LGBTI+ people face unique barriers to the mental health benefits of fitness

Getting active can be a mental health boost, but what if you don’t find sporty spaces welcoming, or being body-conscious makes you uneasy? El Reid-Buckley looks at the obstacles facing LGBTI+ people and offers some advice on how to get around them.


Summer is fast approaching and all of my social media feeds are covered with the same things: half marathons and Hyrox competitions. While I usually dread the content at this time of year, with all its talk of shreds and beach bodies, something feels markedly different now.

It’s not about how good you look any more, apparently. Rather, it’s about managing stress and coping with adversity, and building not just physical but also emotional strength. ‘Intense’ workouts seem to have fallen out of vogue in favour of fitness for everybody and every body.

But even if the current fitness trends seem to be more inclusive, who is represented within such content – online or otherwise – remains quite limited. Specific types of bodies are privileged, which can make it seem like exercise is only for certain types of people. The influencers in this space are mostly white, able-bodied and stereotypically beautiful. They are also typically cis and heterosexual.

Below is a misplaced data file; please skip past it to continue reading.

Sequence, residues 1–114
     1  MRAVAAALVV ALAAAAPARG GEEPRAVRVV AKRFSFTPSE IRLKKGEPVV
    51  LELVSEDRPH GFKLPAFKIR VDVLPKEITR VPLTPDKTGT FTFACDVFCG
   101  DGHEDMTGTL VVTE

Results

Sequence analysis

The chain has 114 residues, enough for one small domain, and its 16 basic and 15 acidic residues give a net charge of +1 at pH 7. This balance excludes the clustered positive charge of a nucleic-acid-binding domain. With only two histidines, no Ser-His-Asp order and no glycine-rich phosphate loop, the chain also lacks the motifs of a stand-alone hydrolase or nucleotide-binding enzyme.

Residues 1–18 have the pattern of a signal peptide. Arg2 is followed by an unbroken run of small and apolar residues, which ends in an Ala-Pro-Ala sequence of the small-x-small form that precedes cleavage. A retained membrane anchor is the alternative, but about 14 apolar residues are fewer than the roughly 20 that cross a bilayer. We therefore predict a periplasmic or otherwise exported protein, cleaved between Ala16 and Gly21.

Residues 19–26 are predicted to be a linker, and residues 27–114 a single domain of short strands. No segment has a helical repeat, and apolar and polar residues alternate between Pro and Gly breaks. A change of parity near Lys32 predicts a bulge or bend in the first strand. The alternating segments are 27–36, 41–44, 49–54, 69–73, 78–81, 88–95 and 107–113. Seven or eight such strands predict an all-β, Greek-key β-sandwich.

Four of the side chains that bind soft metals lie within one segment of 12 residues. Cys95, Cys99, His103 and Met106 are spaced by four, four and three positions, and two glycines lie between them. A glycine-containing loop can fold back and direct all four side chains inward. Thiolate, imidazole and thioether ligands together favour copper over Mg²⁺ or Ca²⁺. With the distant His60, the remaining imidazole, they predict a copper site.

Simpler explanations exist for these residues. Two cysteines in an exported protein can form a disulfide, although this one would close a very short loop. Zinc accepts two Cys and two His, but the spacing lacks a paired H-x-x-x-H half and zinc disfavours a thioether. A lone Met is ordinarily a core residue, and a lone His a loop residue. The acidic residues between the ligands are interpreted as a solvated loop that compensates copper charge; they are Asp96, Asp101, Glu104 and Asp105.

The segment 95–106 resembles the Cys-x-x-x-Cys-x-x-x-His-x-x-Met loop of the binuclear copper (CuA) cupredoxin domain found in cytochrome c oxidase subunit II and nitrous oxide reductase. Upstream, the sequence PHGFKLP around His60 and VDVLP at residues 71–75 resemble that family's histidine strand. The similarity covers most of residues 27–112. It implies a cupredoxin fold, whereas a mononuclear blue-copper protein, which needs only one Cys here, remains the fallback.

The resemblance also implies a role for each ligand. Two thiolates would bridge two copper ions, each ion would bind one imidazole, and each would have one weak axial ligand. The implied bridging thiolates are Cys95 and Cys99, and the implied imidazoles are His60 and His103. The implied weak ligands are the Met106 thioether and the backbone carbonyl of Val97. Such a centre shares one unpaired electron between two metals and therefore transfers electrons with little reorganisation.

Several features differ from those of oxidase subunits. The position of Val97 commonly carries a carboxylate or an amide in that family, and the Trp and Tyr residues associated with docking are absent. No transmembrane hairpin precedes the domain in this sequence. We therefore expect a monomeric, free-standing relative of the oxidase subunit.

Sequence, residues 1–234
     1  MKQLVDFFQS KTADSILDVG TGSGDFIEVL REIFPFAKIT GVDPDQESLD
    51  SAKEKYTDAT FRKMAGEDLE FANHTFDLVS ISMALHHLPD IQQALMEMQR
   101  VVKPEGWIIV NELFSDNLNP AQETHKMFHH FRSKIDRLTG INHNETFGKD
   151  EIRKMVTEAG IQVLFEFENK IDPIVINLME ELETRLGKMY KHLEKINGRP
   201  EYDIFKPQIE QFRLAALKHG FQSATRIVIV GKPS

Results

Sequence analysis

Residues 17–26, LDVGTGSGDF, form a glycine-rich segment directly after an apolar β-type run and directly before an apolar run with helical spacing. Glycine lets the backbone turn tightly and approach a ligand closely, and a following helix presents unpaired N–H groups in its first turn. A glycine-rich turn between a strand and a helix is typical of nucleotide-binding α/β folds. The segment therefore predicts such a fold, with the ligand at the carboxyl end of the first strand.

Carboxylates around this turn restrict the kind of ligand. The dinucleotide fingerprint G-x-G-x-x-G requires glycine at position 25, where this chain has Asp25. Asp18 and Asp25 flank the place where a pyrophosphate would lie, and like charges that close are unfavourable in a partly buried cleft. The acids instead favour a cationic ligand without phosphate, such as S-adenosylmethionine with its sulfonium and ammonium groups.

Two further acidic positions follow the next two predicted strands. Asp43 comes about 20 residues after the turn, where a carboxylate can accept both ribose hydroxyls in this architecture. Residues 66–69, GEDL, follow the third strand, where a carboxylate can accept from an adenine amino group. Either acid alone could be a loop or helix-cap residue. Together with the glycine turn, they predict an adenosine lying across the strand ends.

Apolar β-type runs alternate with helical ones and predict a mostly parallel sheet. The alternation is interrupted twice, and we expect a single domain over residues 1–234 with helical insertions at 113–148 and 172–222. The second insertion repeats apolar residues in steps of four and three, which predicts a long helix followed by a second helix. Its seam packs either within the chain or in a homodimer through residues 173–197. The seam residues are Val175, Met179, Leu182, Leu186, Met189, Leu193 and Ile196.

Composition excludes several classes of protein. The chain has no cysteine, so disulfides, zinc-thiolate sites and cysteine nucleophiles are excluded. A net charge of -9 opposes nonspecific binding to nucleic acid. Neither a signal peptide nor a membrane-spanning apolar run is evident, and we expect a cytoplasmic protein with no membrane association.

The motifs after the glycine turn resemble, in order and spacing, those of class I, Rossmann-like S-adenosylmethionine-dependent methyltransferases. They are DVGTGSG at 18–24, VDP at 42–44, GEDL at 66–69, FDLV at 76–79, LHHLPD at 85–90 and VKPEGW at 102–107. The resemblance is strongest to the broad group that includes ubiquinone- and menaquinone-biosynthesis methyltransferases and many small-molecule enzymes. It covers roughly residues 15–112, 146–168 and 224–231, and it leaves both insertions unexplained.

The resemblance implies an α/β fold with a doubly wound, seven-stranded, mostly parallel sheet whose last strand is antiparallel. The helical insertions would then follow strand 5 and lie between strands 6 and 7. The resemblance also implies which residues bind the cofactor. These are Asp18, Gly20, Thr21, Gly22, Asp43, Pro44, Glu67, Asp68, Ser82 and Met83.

LGBTI+ people tend to have poorer physical health than cis heterosexual people, and this is likely due to barriers to participation. A recent report from Sport Ireland found the most prominent barriers include fears of discrimination and a lack of LGBTI+ representation in sport. This is worse for trans and non-binary folks, who not only face attitudinal barriers but also blanket bans on their inclusion. Further to this, fitness culture and its spaces are typically normatively gendered and therefore difficult to navigate, as they can contribute to greater feelings of gender dysphoria for those who do not embody certain aesthetics.

Feeling worthy

Recent research from Trinity College found that mental health among LGBTQI+ people in Ireland is in decline. And it’s broadly accepted that physical activity can help increase moods and positively change the lives of people with anxiety, depression and other mental health issues. Of course, going for a run isn’t going to solve all our problems and seeking professional medical help is always important and recommended. However, this can be expensive, and there are long waiting lists and limited services available, especially for those in rural areas.

It is also difficult to seek help if we don’t see ourselves as worthy of care. This can also be true when it comes to engaging with fitness culture.

This struggle with ‘worthiness’ can stem from the tendency to moralise the ways we might engage with health and wellbeing, which has actually been proven to do more harm than good. Research has shown that making health and wellness a solely personal responsibility can result in negative health outcomes due to feelings of shame and stigma if one does not meet the socially imposed standards of being ‘good enough’. Harmful social discourse and media messaging which frame health and wellness in narrow ways can make us feel like we are failures if we don’t hit all the marks or targets.

I’ve been there, and I’m sure many reading this will have been there too. This will no doubt resonate with a lot of people, not just queer and trans folks.

Make the first move